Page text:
progress toward repairing their balance sheets. American households
stepped up savings during the recession in order to pay down debt and
rebuild assets. That prudence, combined with significant gains in equity
values since early 2009, has led to substantial improvements in the
financial positions of many households. Since the end of the recession,
the net worth of households has increased by slightly over $4 trillion
and is up substantially from its low point in the cycle. Given these
stronger fundamentals, it seems quite reasonable to project robust
growth in consumer spending this year.

Business investment also
should make a significant contribution to growth this year. Investment
in equipment and software has grown 22 percent since the end of the
recession. Opportunities to streamline business processes and reduce
costs through productivity-enhancing investments appear to be
widespread. And the pickup in demand growth is providing further
encouragement for capital spending plans.

Even investment in new
structures is showing some encouraging signs of bottoming out. Spending
for private nonresidential structures has risen slightly over the last
several months. And, a leading indicator for future spending, the
American Institute of Architects' Billing Index, has moved into positive
territory for the first time in over two years. Taken as a whole, then,
business investment is likely to add significantly to growth this year.

Prospects
for export growth also look encouraging. Exports of goods and services
have risen 18 percent since the end of the recession, adding 2 percent
to GDP growth. While growth in some of our major trading partners has
been uneven, expansion has been robust in important emerging economies.
Thus demand for American exports is likely to contribute to growth this
year as well.

Despite all that the economy has going for it, there
are still substantial challenges ahead. Housing activity obviously
continues to be depressed; residential investment has fallen nearly 60
percent from its peak at the end of 2005. Given the large inventory of
vacant homes in major markets and the ongoing foreclosure wave that
continues to generate sales, any advance in residential investment is
likely to be slow and uneven. Having said that, residential investment
is only 2-¼ percent of GDP, so the damage this sector is capable of
inflicting is in some sense limited.

All in all, then, I expect
noticeably stronger growth in overall activity this year than last. If I
had to write down a forecast today, it would be pretty close to 4
percent. A rate of growth in that neighborhood would result in continued
net gains in employment and further reduction in the unemployment rate.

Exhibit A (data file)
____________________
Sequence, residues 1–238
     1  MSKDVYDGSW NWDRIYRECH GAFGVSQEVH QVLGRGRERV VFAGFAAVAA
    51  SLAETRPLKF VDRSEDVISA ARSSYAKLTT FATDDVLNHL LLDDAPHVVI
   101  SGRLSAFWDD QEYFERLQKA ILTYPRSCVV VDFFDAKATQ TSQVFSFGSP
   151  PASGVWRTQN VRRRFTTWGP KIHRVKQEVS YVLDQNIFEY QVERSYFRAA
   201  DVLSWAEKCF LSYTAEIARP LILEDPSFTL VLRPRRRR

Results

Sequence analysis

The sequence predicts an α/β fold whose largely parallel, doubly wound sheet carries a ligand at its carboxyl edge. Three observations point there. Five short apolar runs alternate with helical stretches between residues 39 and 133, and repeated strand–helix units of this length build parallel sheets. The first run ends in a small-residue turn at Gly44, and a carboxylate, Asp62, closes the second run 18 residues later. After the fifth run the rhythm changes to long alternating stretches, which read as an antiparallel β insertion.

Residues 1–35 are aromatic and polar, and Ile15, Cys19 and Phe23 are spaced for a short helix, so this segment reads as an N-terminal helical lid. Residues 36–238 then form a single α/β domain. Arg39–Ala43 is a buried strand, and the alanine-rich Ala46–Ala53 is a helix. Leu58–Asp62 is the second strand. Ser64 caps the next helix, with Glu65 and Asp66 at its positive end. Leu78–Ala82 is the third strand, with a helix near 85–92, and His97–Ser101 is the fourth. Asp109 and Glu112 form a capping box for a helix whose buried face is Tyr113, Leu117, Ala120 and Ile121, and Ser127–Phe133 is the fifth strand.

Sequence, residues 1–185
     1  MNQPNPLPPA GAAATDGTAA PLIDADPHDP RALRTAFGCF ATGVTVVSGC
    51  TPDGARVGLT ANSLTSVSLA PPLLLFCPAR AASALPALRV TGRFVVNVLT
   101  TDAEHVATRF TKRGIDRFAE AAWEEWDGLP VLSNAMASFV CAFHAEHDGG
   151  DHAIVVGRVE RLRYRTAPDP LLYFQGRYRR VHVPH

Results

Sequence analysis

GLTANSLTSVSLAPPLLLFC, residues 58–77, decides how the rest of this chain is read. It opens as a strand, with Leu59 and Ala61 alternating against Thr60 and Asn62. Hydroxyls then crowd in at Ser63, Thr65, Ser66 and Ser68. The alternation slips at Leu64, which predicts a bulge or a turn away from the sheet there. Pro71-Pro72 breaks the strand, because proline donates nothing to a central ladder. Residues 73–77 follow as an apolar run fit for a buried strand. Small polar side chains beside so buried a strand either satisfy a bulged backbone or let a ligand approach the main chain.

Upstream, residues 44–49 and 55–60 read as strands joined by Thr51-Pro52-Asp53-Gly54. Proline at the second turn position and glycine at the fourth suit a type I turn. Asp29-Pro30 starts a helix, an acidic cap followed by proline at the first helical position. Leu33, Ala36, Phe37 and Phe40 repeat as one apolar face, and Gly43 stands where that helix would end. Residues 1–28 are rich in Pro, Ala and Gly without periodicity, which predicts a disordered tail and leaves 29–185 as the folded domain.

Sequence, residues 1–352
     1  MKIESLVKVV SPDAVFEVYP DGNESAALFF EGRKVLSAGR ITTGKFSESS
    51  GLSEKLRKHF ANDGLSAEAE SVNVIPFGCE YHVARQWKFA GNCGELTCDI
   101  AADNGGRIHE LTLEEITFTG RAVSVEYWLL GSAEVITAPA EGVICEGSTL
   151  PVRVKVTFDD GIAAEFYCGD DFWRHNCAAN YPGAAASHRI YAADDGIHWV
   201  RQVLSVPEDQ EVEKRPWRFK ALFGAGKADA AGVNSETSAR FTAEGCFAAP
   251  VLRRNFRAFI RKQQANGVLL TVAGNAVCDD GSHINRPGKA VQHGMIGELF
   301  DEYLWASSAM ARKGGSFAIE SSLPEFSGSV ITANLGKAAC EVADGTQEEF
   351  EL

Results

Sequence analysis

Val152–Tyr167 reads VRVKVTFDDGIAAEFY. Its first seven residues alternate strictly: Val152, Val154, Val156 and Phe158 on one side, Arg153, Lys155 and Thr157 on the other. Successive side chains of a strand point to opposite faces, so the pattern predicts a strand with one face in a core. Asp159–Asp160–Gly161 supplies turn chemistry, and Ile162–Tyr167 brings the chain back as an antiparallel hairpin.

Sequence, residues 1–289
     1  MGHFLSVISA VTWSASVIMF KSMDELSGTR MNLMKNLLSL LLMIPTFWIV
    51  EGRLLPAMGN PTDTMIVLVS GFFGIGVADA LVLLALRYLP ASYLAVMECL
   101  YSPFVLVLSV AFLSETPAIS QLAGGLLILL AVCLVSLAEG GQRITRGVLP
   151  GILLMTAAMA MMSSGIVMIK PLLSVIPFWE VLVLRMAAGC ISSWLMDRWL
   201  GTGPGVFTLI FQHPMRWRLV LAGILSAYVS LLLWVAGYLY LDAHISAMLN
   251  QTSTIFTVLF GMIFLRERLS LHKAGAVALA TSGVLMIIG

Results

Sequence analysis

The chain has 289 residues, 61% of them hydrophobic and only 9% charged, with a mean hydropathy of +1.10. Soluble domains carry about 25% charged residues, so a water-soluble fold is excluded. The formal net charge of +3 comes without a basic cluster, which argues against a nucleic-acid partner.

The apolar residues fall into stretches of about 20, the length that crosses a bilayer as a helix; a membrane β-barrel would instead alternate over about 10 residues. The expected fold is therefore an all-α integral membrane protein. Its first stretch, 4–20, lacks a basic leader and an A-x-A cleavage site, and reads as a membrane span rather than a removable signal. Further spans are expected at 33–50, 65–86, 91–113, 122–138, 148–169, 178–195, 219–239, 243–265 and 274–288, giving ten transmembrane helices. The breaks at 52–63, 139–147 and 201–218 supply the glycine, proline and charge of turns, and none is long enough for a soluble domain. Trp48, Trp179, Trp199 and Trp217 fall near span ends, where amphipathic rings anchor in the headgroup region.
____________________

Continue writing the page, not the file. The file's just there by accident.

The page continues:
This
generally positive assessment is complemented by the benign outlook for
inflation. Over the 12 months ending in December, the price index for
personal consumption expenditure has risen 1.2 percent. This low
inflation rate seems more consistent with our price stability mandate
than the figures over 2 percent that were common in the years leading up
to this recession. Many forecasters are expecting inflation this year
to come in between 1-½ and 2 percent. That is my expectation as well,
and would represent a good outcome. Still, recent increases in commodity
prices are showing up in consumer price measures and will put upward
pressure on overall inflation numbers in the months ahead. Just how much
is hard to say. The effect on overall inflation could be transitory, or
could persist if firms, encouraged by accelerating demand growth, pass
input prices on to their customers. Such pickups in inflation are common
at this point in business cycle upturns, and would be consistent with
the expected inflation rates implied by prices of inflation-indexed U.S.
Treasury debt, which show market participants now expecting inflation
to average 2 percent over the next five years, and as much as 3 percent
over the following five years.

That's the near-term outlook in a
nutshell. Beyond this coming year, the configuration of fiscal policies
could have a significant bearing on growth prospects. We have a serious,
long-term mismatch between the trajectories of federal spending and
taxes. Most of you are no doubt aware of the long-term budget
projections published by the nonpartisan Congressional Budget Office.
Their most recent projections, under plausible assumptions and current
legislation, show deficits falling from around 9 percent of GDP now to